Wednesday, April 04, 2007

aadts and the tommorow that never comes

You're never going to believe this, but the Ann Arbor to Detroit rail project opening has been put off until at least 2008. Yes, over the last ten years you've been let-down repeatedly over the possibility of a decent mass transit connection to the airport and the city. Yes, it seemed like something might have come of it this time. No, it probably won't ever be completed if this uninspired group of foot-dragging bureaucrats continues to hold the reins.

"Amtrak officials are seeking meetings with officials of three freight railroads"
"A lot will depend on what the freight companies are willing to allow and how much it will cost to use their tracks"
"SEMCOG is trying to find out if some federal money for studying transit between Ann Arbor and Detroit can be used to help pay for the proposed contract service"
The AADTS website hasn't been updated since December 06. Until somebody at SEMCOG grows a real set of ovaries and starts MAKING this happen, we can look forward to sitting on the edge of our seats and biting our nails while waiting for the next announcement of delay on this project.
"We've identified a model that we would like to see," Palombo said. "Now we have to see what the reality is."
Never a truer word spoken.

Please contribute more optomistic perspectives in the comments.

3 comments:

Murph said...

In my work capacity, I have met with officials from Amtrak, SEMCOG, Sen. Stabenow's office, and various other entities in the past few months. I think your assessment of the situation is unfair and incorrect.

Sure, I think SEMCOG could afford to be a little more communicative, and let the public know what's going on and what they can do to help in a more timely fashion. Sure, the agencies handling this potato in the past haven't done a lot to move it forward. (But then, how much do you expect CATA, Lansing's local transit agency, to do to move forward an A2 - Detroit project?)

Having met with the various bureaucrats involved around here, though, I can say they're hardly "foot-dragging" or "uninspired". Just because going over, under, around or through barriers and roadblocks thrown up by federal agencies doesn't happen instantaneously doesn't mean that there aren't people furiously working on it. Some of the SEMCOG folks in particular that I've talked to act as though they'll get a train running if they have to go out and drag it down the tracks themselves with their teeth.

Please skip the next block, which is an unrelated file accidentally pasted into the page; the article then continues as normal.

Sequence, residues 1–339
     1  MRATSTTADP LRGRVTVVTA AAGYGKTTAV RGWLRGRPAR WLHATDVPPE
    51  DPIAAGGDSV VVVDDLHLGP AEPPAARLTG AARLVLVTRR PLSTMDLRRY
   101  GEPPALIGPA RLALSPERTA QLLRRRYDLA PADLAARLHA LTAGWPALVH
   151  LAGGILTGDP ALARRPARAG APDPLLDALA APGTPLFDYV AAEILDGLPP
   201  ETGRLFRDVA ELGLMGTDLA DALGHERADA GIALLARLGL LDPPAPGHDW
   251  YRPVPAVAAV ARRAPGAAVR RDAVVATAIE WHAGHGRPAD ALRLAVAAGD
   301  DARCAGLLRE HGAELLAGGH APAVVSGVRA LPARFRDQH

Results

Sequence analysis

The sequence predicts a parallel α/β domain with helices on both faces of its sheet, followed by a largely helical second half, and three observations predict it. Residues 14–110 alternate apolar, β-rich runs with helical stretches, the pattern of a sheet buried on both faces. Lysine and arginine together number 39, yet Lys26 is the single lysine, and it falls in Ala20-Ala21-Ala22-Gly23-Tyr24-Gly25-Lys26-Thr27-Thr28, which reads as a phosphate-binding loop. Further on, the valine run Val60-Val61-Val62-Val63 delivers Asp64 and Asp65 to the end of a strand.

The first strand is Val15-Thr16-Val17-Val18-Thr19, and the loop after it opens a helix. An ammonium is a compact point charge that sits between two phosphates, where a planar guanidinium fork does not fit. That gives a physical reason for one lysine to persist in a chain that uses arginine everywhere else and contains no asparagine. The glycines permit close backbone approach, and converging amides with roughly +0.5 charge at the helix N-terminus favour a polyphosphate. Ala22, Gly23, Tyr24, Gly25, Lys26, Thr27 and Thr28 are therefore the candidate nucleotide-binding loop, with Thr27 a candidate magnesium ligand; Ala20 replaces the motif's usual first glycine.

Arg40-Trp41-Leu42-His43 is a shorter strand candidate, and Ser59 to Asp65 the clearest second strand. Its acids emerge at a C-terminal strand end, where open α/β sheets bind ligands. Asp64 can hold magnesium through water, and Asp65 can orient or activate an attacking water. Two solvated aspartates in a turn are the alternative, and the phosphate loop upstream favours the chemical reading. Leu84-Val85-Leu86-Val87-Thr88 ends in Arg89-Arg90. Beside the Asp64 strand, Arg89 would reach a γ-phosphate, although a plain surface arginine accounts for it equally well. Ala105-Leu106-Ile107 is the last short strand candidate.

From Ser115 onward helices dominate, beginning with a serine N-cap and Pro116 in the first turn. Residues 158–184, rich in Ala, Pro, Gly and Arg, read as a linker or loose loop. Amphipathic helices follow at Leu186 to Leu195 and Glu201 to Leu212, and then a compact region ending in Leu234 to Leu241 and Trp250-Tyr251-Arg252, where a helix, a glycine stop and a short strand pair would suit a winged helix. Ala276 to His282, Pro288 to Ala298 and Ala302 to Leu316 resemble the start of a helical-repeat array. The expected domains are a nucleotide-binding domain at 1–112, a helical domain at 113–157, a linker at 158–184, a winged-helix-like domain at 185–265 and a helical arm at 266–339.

It's been ten years of mostly no action - the only reason you've got targets to pick on right now is because they're actually doing something. Chill out.

Anonymous said...

Regionally, we've been failing on rapid transit for much longer than ten years.

SEMCOG may talk a good game and Carmine Polombo might 'say' the right things. However, when it actually comes to doing something - even something relatively simple and inexpensive - they can't seem to get it done.

Take the study results released last fall as an example. They botched that study, bringing it in way late and far off the target in terms of costs. They overestimated the costs of building and operating by overbuilding the track improvements and overscheduling the trains. Also, they wasted gobs of public money doing so. What a pitiful planning agency.

The money is there to do great transit. We spend hundreds of millions annually on new highway pavement. We could build this AA Detroit train with just the money it takes to resurface bridges in SE Michigan every year. Have you seen the big blue bridge on I-94? Compare the costs of that ugly thing to the train. (Incidentally, when they built that very expensive bridge they hampered the ability to use the median of I-94 for transit).

I understand Murph's perspective as well, but when a planning agency has a long track record of failure and structural problems to boot - I say give 'em the boot.

Vince said...

Regionally, we've been failing on rapid transit for much longer than ten years.


___________________

Vince

UR choice movie at your place